September 5, 2006 4:00 AM PDT

My avatar's so-called life

Getting dressed up usually means adding a scarf to my casual ensemble. So why do I suddenly feel so self-conscious in jeans and a tank top?

Maybe it's because the other avatars in the room look so dazzlingly fabulous in heels, feathers and flouncy skirts that I want to slink out of the place and go buy myself an evening gown. This uncharacteristic fashion-consciousness surprises me, especially given that it's not me, but a virtual facsimile of me that's underdressed for the occasion.

Inside Second Life

Sure, I am fully aware that a computer screen--and plenty of geographical distance--separates me from the people behind the other avatars. Nonetheless, as a newbie to the world of "Second Life"--Linden Lab's open-ended, 3D, digital universe built and owned by its residents--I find I am trying to prove myself to a bunch of digital strangers. As they attempt to teach me to open a box of virtual clothes using my mouse and a series of clicks, I fail to catch on and end up with the box on my digital head (not the best look, even in cyberspace). They LOL, and I want to bolt from the Awesome Designs boutique in embarrassment. Can an avatar blush?

And so goes my second day as a resident of this vast digital continent, home to upward of 500,000 inhabitants from around the globe and to many more opportunities for entertainment, education and creative expression in virtual dance clubs, casinos, art galleries, lecture halls and venues catering to what could roundly be dubbed alternative lifestyles. I've never read Neal Stephenson's "Snow Crash," created an avatar or even played an online game, so I knew I was in for a culture shock.

I've had years to figure out how to work the room at a book signing or holiday party, but how do I converse with a combustible avatar wielding a sword?

Indeed, the realm I find is far more elaborate than the online cartoon I had envisioned. It's an artfully rendered digital landscape of mountains, beaches, jungles and galactic surfaces dotted with gazebos, fortresses, lighthouses and open-air malls.

Avatars in elaborate costumes walk (and fly) through dreamlike spaces, exploring the many sites and communicating via instant messages and public chats that are visible to all. I like my first life well enough, but this second life I've discovered is mesmerizing: garbage-free, fantastical and brimming with possibility--a moving canvas.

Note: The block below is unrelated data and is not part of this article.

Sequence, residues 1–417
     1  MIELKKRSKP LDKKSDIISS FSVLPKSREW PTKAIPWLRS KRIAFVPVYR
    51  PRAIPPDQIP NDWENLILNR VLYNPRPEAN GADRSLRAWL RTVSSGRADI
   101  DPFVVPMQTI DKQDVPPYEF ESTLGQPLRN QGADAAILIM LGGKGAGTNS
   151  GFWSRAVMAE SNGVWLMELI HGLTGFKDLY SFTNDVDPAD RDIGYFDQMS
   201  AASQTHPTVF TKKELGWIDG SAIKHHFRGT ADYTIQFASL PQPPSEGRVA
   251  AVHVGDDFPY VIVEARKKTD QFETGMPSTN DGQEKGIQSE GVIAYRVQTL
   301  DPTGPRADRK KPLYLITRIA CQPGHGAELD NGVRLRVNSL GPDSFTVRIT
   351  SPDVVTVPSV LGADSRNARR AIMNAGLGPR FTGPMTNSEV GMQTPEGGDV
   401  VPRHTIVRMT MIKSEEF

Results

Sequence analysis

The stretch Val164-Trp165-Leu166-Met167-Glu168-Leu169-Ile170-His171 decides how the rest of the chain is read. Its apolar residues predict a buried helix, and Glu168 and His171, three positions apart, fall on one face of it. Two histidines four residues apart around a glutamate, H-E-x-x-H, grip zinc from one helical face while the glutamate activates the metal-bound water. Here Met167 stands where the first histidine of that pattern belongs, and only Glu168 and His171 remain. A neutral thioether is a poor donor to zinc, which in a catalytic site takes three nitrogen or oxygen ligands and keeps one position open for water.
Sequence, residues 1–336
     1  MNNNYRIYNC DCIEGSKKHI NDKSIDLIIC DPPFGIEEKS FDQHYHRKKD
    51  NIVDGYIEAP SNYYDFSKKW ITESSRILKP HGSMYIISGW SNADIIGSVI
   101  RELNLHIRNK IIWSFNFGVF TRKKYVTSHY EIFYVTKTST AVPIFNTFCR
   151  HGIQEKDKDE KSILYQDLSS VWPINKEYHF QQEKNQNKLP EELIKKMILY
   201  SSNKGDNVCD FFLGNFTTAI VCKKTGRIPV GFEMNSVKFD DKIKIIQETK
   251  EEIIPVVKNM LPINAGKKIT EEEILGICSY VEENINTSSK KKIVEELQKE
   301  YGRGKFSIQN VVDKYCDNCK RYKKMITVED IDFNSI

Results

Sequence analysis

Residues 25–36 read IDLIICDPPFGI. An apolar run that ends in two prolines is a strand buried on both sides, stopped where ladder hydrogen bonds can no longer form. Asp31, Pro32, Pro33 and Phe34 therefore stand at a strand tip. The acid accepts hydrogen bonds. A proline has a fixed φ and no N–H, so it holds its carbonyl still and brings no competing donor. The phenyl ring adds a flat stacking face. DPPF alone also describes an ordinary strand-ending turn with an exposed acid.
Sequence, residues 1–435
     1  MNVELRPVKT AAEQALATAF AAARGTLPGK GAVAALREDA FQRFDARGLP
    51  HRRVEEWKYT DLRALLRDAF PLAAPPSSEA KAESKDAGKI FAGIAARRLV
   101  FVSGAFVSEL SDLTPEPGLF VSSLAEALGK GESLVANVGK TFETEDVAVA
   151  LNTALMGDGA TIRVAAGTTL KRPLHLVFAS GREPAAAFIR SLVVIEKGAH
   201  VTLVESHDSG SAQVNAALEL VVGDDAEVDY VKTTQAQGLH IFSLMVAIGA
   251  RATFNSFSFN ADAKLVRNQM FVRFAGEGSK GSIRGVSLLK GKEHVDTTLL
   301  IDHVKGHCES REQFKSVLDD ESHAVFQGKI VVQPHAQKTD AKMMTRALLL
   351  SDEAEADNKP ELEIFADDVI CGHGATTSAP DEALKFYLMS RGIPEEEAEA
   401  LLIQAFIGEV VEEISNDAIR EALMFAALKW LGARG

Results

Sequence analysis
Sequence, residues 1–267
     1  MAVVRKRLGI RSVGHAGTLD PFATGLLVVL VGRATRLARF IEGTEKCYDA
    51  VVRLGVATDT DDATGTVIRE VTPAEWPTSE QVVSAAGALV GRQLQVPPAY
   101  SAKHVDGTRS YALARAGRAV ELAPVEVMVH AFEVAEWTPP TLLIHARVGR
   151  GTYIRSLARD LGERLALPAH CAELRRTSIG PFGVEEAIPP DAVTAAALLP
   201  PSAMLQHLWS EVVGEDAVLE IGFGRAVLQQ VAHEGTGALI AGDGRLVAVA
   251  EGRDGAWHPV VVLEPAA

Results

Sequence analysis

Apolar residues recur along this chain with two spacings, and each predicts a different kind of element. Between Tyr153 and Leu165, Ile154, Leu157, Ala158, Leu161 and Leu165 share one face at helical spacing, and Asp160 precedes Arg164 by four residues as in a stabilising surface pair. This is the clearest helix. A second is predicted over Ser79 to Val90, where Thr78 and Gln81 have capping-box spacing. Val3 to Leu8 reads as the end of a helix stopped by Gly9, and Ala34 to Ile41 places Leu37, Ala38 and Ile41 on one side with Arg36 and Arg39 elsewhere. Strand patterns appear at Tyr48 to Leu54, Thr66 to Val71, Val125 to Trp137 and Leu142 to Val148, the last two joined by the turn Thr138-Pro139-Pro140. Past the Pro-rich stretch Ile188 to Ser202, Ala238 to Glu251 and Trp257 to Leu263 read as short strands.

Still, as much as the richly saturated scenery entrances me during my first week in-world, I'm struck even more by the evolution of my avatar, whom I've named Amelia. She is, of course, purely an extension of my imagination, born of the "Second Life" avatar-creation tool. Given the options for toying with her height, nose, eyes, cheeks, chin, skin tone, makeup and more, she could look like Charlize Theron or Halle Berry. Instead, she's turning out to be a decidedly recognizable iteration of her flesh-and blood alter ego.

And I don't just mean her choice of jeans, tunics and sensible shoes over the many bold, flashy and sometimes interplanetary-looking garments available for purchase with the "Second Life" currency known as Linden dollars. I mean the way she spends her in-world time, mostly flying solo above the lush topography of the island Sala and sitting on benches in parks as verdant as anything here in the San Francisco Bay Area. She doesn't just look like me (in an impossibly perfect-skin, cartooney kind of way); she shares similar interests.

Mastering the metaverse
Maybe my in-world leanings shouldn't come as a surprise. If I'm introspective and a bit shy in real life, more apt to work in the garden, meditate or read a book than hit a bar or nightclub, why wouldn't the same hold true in my second life? I don't like to shop, so what makes me think Amelia would want to teleport around the whole of "Second Life" in search of the perfect little black dress? Put an avatar in a goth gown and wings, after all, and that doesn't mean she'll automatically tune in to death rock and watch "The Crow."

In the metaverse, it's possible to try on all sorts of identities, but in the end, don't you bring yourself across the digital borders? I did.

This could, of course, be related to my unfamiliarity with metaverse protocol. In my first life, I know what to expect--at work, with friends, walking down the streets of my neighborhood. But new to the world of avatar-to-avatar communication, I question my social skills. I've had years to figure out how to work the room at a book signing or holiday party, but how do I converse with a combustible avatar wielding a sword?

My co-worker Daniel Terdiman, a veteran of "Second Life" who has written extensively about virtual worlds, tells me that just like people in the real world, avatars often need time to warm up. He tells me that he, too, took time to adjust to life in the metaverse and spends much of his time there engaging in activities that mirror his first-life pursuits. Amelia breathes a sigh of relief. "Second Life" is fanciful, but maybe she doesn't have to morph into a fire-breathing, tabletop-dancing torch singer after all.

It is, of course, conceivable that I'll become increasingly comfortable in this brave new universe and that my virtual inhibitions will crumble, turning my avatar into a 7-foot-tall anti-Leslie who's entirely comfortable swinging from chandeliers and belting out karaoke to a packed house.

It's also possible that the novelty of "Second Life" will wear off and Sala and Serenity Woods will become a distant cybermemory. I kind of hope not, though. I'm not ready to give up flying just yet.